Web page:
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be easy to comprehend, that poetry and beard, are remembered without effort piety may be as surely united on earth, remembered involuntarily, yet remember. as they are in heaven before the throne, ed with renewed and increasing delight in the songs of angels, and the spirits of at every revival! It may be safely afjust men made perfect.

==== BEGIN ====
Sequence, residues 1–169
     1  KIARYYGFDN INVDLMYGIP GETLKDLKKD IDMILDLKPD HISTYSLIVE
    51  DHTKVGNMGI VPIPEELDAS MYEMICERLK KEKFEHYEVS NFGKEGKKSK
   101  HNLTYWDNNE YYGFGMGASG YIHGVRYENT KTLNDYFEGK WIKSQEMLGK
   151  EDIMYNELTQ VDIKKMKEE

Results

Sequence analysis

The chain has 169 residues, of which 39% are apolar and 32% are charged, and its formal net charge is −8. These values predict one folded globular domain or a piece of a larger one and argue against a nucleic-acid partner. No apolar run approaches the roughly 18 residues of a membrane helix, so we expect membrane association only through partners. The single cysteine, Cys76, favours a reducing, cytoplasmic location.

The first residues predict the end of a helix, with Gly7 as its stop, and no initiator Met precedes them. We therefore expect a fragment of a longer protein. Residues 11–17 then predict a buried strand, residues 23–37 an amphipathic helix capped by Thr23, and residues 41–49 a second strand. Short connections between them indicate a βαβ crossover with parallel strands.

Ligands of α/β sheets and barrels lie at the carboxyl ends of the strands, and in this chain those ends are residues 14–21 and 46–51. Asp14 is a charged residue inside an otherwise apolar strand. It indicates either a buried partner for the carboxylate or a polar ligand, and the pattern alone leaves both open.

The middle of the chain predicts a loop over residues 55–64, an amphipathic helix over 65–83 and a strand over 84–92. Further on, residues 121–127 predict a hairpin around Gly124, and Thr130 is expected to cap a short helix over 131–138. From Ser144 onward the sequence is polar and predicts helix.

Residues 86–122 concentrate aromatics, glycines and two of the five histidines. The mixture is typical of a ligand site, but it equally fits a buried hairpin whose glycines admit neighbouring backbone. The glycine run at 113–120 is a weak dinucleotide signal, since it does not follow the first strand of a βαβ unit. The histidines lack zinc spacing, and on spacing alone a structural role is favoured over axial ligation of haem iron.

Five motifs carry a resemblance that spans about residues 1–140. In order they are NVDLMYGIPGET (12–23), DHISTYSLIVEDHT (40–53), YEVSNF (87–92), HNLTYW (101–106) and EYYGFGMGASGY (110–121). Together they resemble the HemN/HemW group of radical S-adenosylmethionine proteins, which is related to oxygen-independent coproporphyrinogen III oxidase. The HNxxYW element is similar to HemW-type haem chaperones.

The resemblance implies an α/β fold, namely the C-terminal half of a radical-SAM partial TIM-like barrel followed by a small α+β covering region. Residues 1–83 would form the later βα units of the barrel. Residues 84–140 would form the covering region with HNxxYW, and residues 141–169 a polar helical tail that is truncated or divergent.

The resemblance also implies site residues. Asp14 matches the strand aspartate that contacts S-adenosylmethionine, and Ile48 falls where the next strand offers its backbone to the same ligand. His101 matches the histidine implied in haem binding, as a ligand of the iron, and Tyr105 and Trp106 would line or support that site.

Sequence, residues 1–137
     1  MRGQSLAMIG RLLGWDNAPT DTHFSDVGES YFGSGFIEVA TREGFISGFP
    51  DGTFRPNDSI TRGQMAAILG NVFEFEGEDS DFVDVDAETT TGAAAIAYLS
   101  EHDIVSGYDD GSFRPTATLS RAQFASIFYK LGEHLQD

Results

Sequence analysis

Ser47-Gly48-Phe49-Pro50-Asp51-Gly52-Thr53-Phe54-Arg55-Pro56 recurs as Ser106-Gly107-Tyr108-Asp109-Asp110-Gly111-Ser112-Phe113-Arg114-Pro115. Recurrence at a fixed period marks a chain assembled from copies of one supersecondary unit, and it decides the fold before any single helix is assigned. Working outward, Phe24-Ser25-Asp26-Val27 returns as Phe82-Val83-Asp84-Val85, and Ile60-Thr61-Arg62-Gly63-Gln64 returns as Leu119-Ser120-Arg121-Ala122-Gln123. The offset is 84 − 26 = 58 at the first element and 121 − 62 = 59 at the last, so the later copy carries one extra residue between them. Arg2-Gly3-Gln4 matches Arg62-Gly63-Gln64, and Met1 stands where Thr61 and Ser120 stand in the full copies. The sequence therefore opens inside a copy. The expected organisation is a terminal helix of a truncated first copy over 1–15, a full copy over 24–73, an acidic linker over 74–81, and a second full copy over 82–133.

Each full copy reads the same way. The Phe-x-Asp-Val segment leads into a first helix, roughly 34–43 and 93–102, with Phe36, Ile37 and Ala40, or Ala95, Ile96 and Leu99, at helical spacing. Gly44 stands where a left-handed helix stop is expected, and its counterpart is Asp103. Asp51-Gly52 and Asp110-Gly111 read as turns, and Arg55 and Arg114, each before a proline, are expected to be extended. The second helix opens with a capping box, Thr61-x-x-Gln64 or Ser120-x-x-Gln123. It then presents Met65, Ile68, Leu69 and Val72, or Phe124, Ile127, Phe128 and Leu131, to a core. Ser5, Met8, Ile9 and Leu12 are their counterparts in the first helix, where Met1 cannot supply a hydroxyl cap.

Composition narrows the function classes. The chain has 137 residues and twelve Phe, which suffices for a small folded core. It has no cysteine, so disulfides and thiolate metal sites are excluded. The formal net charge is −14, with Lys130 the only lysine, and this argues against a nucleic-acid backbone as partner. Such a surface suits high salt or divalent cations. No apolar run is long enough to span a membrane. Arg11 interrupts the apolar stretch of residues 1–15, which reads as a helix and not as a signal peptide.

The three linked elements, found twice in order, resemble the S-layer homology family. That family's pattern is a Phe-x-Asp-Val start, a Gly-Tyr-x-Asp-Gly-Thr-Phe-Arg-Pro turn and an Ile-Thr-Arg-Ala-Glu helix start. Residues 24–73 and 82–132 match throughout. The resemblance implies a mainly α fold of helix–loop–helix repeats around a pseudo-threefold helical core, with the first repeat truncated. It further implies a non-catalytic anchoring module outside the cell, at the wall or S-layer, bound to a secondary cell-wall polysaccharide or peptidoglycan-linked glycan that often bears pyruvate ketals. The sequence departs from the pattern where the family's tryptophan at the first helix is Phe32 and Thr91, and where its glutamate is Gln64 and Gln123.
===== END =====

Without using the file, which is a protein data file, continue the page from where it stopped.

firmed, that the permanent favourites in “ A hymn ought to be as regular in every collection are those, which, in the its structure as any other poem; it should requisites before-mentioned, or for some have a distinct subject, and that subject other peculiar excellence, are distinguishshould be simple, not complicated, so ed above the rest. This is so remarkably that whatever skill or labour might be the case with the compositions of Watts, required in the author to develope his Wesley, and Newton, the most prolific plan, there should be little or none re- writers of this class, that no farther ilquired on the part of the reader to un- lustration is needful than a recurrence to derstand it. Consequently, a hymn must their pages, when it will be found, that have a beginning, middle, and end. There the most neglected are generally inferior should be a manifest gradation in the in literary merit to the most hackneyed thoughts, and their mutual dependence ones, which are in every body's mouth, should be so perceptible, that they could and every body's heart. not be transposed without injuring the “ It may be added, that authors, who unity of the piece; every line carrying devote their talents to the glory of God, forward the connexion, and every verse and the salvation of men, ought surely adding a well-proportioned limb to a sym- to take as much pains to polish and permetrical body. The reader should know feet their offerings of this kind, as secular when the strain is complete, and be sa- and profane poets bestow upon their tisfied, as at the close of an air in music; works. Of these, the subjects are too